For coral gene expression, total mRNA was extracted using Dynabeads® Oligo(dT)25 (Invitrogen™) as described [37]. Complementary DNA (cDNA) was constructed from normalized mRNA quantities using SuperScript™ III First-Strand Synthesis SuperMix (Invitrogen™) according to the manufacturer's protocol. Specific forward and reverse primers for both the four target genes (i.e. Ferritin, Hsp70, MnSOD, and Zn2+-met; GenBank accession numbers DY585921, DY581262, DY584495, and DY581364, respectively) and two internal control genes (Ctg 1913 (GenBank DY585358) and RiboL9 (DY586572) in the MI population; RiboL9 and GAPDH (DY578497) in the OI population) were designed (90–110 bp amplicon length, ~55% GC content, 65°C primer Tm) and commercially obtained from Sigma-Aldrich™. Each cDNA sample was used in triplicate 20 µL qRT-PCR reactions with 1 µL (4 µM) primers, 6 µL UV-sterilized Milli-Q® water, and 10 µL SYBR® GreenER™ qPCR SuperMix Universal on a Rotor-Gene™ RG-3000A (Corbett Research™). Threshold cycle differences (ΔCt) were obtained by manually positioning the threshold immediately above the background noise in the exponential amplification phase. The efficiency corrected relative expression of each of the four target genes in relation to the geometric mean of the two housekeeping genes was calculated using geNorm software [71].

Heritability

We calculated H2 by partitioning phenotypic variance (VP) into genetic (VG) and environmental variance (VE) components based on analyses of variance (ANOVA) involving among and within coral clone variation. Variation within clones provides an estimate of VE, while that among colonies is due to VG+VE. Consequently, we estimated the genetic variation among colonies by subtracting the environmental variance from the total phenotypic variance (VG = VP-VE), and calculated heritability as VG/VP [27]. Tables S1, Table S2, Table S3, Table S4 and Table S5 show the ANOVA tables for the heritability analysis.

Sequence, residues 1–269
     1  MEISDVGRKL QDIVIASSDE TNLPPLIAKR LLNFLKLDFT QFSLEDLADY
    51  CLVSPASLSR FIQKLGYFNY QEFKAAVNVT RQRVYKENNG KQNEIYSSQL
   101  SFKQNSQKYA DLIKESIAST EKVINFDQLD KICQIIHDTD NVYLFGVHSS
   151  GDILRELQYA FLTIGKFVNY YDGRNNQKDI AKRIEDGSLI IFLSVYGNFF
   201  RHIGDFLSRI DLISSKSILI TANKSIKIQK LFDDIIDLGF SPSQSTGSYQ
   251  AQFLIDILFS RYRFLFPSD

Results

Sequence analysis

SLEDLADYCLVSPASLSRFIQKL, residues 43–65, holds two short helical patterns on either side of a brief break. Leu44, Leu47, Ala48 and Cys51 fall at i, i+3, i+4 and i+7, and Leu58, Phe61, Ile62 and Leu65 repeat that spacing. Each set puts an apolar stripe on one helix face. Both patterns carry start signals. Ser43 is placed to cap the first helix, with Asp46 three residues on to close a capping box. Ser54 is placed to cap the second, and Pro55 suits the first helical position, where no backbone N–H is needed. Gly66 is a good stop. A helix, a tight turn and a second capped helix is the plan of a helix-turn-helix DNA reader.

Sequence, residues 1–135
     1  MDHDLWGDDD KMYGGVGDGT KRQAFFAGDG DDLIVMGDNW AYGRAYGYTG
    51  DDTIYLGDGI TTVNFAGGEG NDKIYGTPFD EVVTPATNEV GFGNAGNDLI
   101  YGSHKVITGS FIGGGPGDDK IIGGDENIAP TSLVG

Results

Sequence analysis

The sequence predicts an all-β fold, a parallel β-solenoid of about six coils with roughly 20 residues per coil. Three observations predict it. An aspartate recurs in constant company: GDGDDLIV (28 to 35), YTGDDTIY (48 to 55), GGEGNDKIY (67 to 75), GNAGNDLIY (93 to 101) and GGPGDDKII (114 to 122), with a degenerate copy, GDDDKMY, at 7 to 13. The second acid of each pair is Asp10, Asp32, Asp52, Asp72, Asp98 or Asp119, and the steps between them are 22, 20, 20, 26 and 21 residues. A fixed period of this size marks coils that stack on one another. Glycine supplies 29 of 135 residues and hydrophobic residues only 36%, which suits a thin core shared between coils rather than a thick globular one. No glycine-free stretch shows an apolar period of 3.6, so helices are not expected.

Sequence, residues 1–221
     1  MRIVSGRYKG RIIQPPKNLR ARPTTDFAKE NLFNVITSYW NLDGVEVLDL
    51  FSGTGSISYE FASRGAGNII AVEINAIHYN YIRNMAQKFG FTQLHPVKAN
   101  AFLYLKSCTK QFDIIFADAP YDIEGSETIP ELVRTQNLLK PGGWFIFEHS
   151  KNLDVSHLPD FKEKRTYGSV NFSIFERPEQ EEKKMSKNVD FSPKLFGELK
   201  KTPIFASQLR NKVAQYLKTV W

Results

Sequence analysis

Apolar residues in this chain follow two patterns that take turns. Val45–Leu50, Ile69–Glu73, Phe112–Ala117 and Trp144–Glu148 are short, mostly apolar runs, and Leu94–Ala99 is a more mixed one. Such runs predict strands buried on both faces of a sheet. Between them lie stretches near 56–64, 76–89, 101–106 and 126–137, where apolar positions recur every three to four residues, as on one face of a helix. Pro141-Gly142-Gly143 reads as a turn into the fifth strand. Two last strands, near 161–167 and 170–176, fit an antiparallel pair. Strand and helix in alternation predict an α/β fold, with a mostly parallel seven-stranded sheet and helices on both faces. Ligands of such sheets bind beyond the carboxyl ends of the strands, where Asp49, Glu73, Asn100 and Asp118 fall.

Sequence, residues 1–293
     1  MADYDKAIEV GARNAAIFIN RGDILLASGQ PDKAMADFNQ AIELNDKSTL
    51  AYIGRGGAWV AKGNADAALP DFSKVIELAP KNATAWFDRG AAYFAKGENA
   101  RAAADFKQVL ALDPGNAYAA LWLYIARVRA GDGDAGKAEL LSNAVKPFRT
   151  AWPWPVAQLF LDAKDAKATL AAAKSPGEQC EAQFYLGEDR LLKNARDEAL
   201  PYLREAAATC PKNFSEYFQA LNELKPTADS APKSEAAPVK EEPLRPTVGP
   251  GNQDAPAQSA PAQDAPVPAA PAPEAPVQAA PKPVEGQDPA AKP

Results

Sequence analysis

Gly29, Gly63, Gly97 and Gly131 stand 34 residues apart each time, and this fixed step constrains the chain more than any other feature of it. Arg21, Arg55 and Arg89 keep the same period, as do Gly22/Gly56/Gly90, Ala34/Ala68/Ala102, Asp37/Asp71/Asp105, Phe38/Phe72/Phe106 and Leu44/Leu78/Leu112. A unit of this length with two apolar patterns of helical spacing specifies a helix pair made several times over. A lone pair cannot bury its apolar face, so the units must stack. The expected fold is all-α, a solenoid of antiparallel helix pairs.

An acclimation period of genotypes to a common environment prior to measuring phenotypic variables minimises additional environmental variance components such as carry-over effects from the field and maternal effects [27]. The corals in the present study have been acclimatised to a common outdoor environment for 2 weeks prior to another 2 weeks of acclimation to highly controlled indoor conditions. However, if some environmental effects, despite this long acclimation period, have been carried over into the laboratory environment heritabilities might be overestimated. Also, heritability in symbiont traits may be biased due to uncertainties about genotypic variation within zooxanthellae sub-clades. Thus, the assumption is made here that juvenile corals in either population have been invaded during their ontogeny by more than one symbiont genotype of respectively Symbiodinium clade D and type C2. There may be little bias in heritability estimates if those symbionts are approximately equally dispersed across the colony surface landscape such that every individual coral nubbin harbours a similar consortium of symbiont genotypes. However, if there is only one distinct symbiont genotype per coral colony then H2 will be biased upwards while the presence of multiple genotypes that are not uniformly transmitted throughout each coral colony (i.e. such that individual nubbins harbour distinct symbiont genotypes) will lead to H2 estimates that are biased downwards.

Supporting Information

Table S1

ANOVA table for maximum dark-adapted fluorescence yield (Fv/Fm) and coral (holobiont) growth.

(0.05 MB DOC)

Table S2

ANOVA table for light-adapted fluorescence yields (ΦPSII, ΦNPQ, and ΦNO).

(0.07 MB DOC)

Table S3

ANOVA table for symbiont pigment ratios (DT/(DD+DT) and XP/(LH+XP)).

(0.05 MB DOC)

Table S4

ANOVA table for coral host gene expression (Magnetic Island).

(0.05 MB DOC)

Table S5

ANOVA table for coral host gene expression (Orpheus Island).

(0.05 MB DOC)

Acknowledgments

We thank Francois Seneca for assistance with coral gene expression analysis, Andrew Negri for advice on xanthophyll pigment analysis, and Wayne Knibb for contribution to the experimental planning stage.

Footnotes

Competing Interests: The authors have declared that no competing interests exist.

Funding: This work was funded by the Marine Tropical Sciences Research Facility (project 2.5i.2), the Australian Institute of Marine Science, the University of Technology Sydney, and the Australian Coral Reef Society. The funders had no role in study design, data collection and analysis, decision to publish, or preparation of the manuscript.